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Rep. Anna Eshoo's bill would preempt states from restricting localities looking to build their own broadband networks.
Alex Koma is a freelance reporter based in Arlington, Va.
Previously, Koma was a staff reporter for StateScoop covering state and l...
With Congress back in session, a House Democrat is putting forward new legislation aimed at preventing states from putting restrictions on municipal broadband networks.
Rep. Anna Eshoo, D-Calif, introduced the “Community Broadband Act of 2016” Tuesday to preempt any state law setting limits on a community-owned internet provider.
Eshoo’s bill comes just a month after a federal court ruled that the Federal Communications Commission lacked the authority to overrule laws in North Carolina and Tennessee and protect expansion efforts by municipal providers in those states. The California Democrat sees her bill as a direct response to that decision.
“I’m disappointed that a recent court ruling blocked the FCC’s efforts to allow local communities to decide for themselves how best to ensure that their residents have broadband access,” Eshoo said in a statement. “This legislation clears the way for local communities to make their own decisions instead of powerful special interests in state capitals.”
Eshoo added that her bill is modeled on bipartisan Senate legislation from 2005 — the bill from Sen. John McCain, R-Ariz., and the late Sen. Frank Lautenberg, D-N.J., ended up languishing in committee — and will act as a House companion to a bill Sen. Cory Booker, D-N.J., introduced last year.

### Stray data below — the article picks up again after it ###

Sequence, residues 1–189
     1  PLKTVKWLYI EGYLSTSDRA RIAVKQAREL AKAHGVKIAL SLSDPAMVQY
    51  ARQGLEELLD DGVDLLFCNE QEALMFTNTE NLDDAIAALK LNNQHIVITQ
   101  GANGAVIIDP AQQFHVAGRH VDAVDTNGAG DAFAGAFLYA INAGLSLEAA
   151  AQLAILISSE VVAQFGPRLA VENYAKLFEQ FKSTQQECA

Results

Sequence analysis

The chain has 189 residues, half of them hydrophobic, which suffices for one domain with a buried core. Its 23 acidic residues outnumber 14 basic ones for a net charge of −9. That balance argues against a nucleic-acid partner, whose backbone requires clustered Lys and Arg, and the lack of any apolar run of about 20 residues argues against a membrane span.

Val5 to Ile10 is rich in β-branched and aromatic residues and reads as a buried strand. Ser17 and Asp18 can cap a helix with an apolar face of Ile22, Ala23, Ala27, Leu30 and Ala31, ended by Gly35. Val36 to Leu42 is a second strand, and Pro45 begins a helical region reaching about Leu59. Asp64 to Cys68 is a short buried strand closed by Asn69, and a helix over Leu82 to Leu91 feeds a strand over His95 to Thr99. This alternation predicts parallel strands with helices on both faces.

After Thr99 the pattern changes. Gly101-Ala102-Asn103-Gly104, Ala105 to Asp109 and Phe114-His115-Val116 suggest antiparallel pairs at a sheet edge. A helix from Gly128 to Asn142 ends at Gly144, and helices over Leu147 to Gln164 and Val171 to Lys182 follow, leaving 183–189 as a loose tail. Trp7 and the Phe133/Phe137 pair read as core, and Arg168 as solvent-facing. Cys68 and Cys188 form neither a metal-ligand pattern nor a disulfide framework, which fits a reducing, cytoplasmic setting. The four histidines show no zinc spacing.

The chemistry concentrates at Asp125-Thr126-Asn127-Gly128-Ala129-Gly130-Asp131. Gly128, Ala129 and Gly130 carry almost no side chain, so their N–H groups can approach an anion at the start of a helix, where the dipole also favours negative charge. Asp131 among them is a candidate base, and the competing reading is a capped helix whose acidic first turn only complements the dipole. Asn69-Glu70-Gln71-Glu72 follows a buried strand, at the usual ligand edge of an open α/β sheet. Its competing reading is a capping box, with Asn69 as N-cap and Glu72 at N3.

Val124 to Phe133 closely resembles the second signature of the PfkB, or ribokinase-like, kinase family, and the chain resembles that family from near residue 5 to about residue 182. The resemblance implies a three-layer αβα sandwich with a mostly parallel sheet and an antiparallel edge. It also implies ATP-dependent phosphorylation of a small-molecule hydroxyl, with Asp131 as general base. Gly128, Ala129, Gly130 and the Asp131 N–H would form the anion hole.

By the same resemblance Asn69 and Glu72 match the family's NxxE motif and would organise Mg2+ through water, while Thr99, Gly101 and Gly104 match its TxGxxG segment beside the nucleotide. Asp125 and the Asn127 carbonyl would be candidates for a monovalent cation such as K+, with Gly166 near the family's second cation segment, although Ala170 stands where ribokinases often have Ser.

“Rep. Eshoo has been a good friend to the internet and I hope her bill helps to educate her fellow elected officials as to how important it is to let communities make these decisions locally,” Chris Mitchell, director of the community broadband initiative for the Institute for Local Self-Reliance, told StateScoop via email.
Eshoo’s offering is also attracting from praise from technology-focused consumer advocates.
“For over a decade, lobbyists for the largest broadband companies have fought a war against competition in state legislatures,” Harold Feld, senior vice president of Public Knowledge, wrote in a statement. “Rep. Eshoo’s bill would restore a vital tool to local and state governments to provide critical infrastructure for their residents, attract high paying tech jobs, and improve broadband competition where needed. Any city in America is free to spend taxpayer dollar on yet another mega-sports stadium if they think it will help support local businesses, but laws pushed by lobbyists prevent these same cities from offering vital broadband services.”
Indeed, research by the community broadband consultant Craig Settles suggests that 21 states had laws on the books placing some sort of limit on municipal networks in 2015, with six banning localities from pursuing community-owned networks entirely.